What children's / young adult book has the main character die?
See, aside from anything else, I think that JKR would be one of the first to take this step. Now, being first doesn't mean she cannot do it; however, being first (or one of the first) does mean that I cannot understand why people would be critical of her for not doing it. Of course, as with many things in the blogosphere, when people rant about X, they are really using X as an excuse to rant about what they really want to talk about. JKR happens to be the X to get people talking about fiction, messages, meaning, children, morality, etc.
Anyway, back to main character being dead question. Little Willow then said she does know of main characters not surviving to the last page, but didn't want to spoil anyone.
I have been known to read the last chapter first. Except for a handful of situations, I not only don't mind being spoiled; I find it makes a richer reading experience.
Here's the deal: post away on the comments about books written for children/young adults where the main character dies. If you don't want to be spoiled, stay away from the comments.
- Must have been originally published for children or young adults; so no Romeo and Juliet.
- Must be the main character. Beth is not the main character in Little Women.
- Only one title by Lurlene McDaniel per comment.
- A character dying of natural causes at the end of his or her natural life span? Doesn't count.
- A book told from the point of view of an already dead/ dies in first chapter main character? Doesn't count.
- Only one picture book as bibliotherapy book per comment.
O.K. this doesn't exactly mesh with what your asking, but I've always wondered why Disney movies, which are loosely based on books and classic tales, seem to deal with a lot of dead parent issues:
There's always a dead/missing parent in these tales. Also stories like Hansel and Gretel deal with a dead parent and an evil stepparent
I have it.
The Magic Circle by Donna Jo Napoli.
Much harder is finding one with a child protagonist.
Most recently, what about the Bartimaeus Trilogy?
Wings of a Falcon, by Cynthia Voigt, is another one.
I suppose Charlotte's Web doesn't count, because Wilbur is the protagonist, not Charlotte. Still, I think it is rather shocking for the unwary child reader (mine knew that Charlotte died before we began reading it). Which is not to say that's wrong, only that you have to know your reader to know whether that'll be OK for him/her (I knew that mine would need to know it in advance).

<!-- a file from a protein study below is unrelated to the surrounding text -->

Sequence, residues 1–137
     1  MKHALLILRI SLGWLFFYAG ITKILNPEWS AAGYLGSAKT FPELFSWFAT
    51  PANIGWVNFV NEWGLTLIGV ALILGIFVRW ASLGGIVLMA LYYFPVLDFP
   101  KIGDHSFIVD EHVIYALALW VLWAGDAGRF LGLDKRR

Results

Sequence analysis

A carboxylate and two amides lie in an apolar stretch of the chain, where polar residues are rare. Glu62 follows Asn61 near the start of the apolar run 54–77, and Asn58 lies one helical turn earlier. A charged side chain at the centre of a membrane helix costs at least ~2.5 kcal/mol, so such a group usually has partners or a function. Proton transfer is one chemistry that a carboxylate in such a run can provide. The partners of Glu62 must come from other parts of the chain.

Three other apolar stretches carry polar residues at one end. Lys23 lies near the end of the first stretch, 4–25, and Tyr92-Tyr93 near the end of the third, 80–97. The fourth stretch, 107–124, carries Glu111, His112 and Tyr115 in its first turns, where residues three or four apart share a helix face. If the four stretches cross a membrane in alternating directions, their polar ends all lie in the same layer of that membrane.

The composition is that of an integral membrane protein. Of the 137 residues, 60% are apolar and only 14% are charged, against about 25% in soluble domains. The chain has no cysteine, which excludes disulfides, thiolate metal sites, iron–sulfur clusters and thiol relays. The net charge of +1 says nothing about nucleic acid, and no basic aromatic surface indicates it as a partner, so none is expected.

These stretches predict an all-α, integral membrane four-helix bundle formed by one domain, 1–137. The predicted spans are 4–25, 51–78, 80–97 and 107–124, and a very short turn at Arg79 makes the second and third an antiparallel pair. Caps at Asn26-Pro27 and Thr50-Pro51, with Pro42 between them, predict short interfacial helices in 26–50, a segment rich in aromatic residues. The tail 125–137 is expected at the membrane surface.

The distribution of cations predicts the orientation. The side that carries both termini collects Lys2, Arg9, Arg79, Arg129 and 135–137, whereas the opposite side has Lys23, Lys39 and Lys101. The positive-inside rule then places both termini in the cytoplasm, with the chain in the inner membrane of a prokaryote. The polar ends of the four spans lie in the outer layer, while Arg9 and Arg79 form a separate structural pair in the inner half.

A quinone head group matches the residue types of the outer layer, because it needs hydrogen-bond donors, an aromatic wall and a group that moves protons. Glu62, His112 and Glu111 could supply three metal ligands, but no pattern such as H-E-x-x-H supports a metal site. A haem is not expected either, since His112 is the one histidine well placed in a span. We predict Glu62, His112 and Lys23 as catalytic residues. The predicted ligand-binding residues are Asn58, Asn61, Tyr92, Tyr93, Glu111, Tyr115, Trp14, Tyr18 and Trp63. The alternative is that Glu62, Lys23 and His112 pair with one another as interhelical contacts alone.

But following a character through many books seems different - you don't expect him to die after surviving through six books.
Does "Bridge to Terabithia" count? It always creeped me out, the image of Leslie laying dead in the water.
Lois Lowry's The Giver ends with the protagonist dying.
Regarding dead parents: I've read that it's more of a plot device than some meaningful archetype about life or growing up. If you can get rid of a parent--particularly a mom--the kids are freer to have adventures. Parents aren't there to make them behave themselves or to protect them.
Nowadays it's much easier to get rid of parents. Both parents can work, go to business meetings in other cities, etc. I once sent a mom to jury duty to get rid of her for a chapter.
Lois Lowry's The Giver ends with the protagonist dying.
Do you think so? Lowry just posted about that yesterday!
There was a discussion of this issue on child-lit last summer - the consensus seemed to be that with the exception of Bridge to Terebithia, most children's/YA books that involve the death of a main character are very clear about this from the get-go (via cover blurbs, titles, etc - think of A Summer to Die). Bridge is a surprise though.
The only book I know of where the main-main-main character dies is Sadako and the Thousand Paper Cranes, but that's nonfiction (even though it's a narrative).
Rowling can't kill Harry (I hope)...
Oh, and Messenger, I forgot about that one...
Rather old, probably mid-to-late seventies, but May I Cross Your Golden River by Paige Dixon had the main character Jordan die of ALS at the end of the book.
I loved this book and my sister and I used to take turns reading it aloud to each other, thoroughly enjoying sobbing hysterically at the end.
(Published in paperback under the title A Time to Love, a Time to Mourn.)
And "The Sight" by David Clements-Davies has the MC get killed in the second chapter from the end.
Aren't all the Pevensie children "dead" at the end of Narnia's "The Last Battle" (does it not count if they are alive in an afterlife?)
I have been thinking about "Tuck Everlasting" a lot lately, and I need to reread it, because it has been a while, but I do remember thinking that it offers a really interesting take on death. It's sort of the opposite of what you asked - the main character DOESN'T die, but that has all sorts of ramifications.
Reading The Giver as a stand alone, I thought the main character died. Based on the sequels, nope; but then the MC did die in The Messenger. But if Lowry writes another sequel, that may be wrong!
I haven't read The Sight.
Maria, yes, everyone dies at the end of Narnia. I forgot about that.
To be picky, I'd see Jesse, not Leslie, as the MC of Terabithia; and while I could argue that Charlotte is the MC of Charlotte's Web, I think the general consensus is it's Wilbur.
(Yes, I'm being a bit picky, viewing a book as having ONE mc.)
I'll be adding the other titles to my to be read pile.
Another one - The Midnight Club by Christopher Pike.
Hay! in The Sight by David Clements-Davies, Larka dies! and in Gregor and the Code of Claw, there's a fortelling of Gregors death!
Post a Comment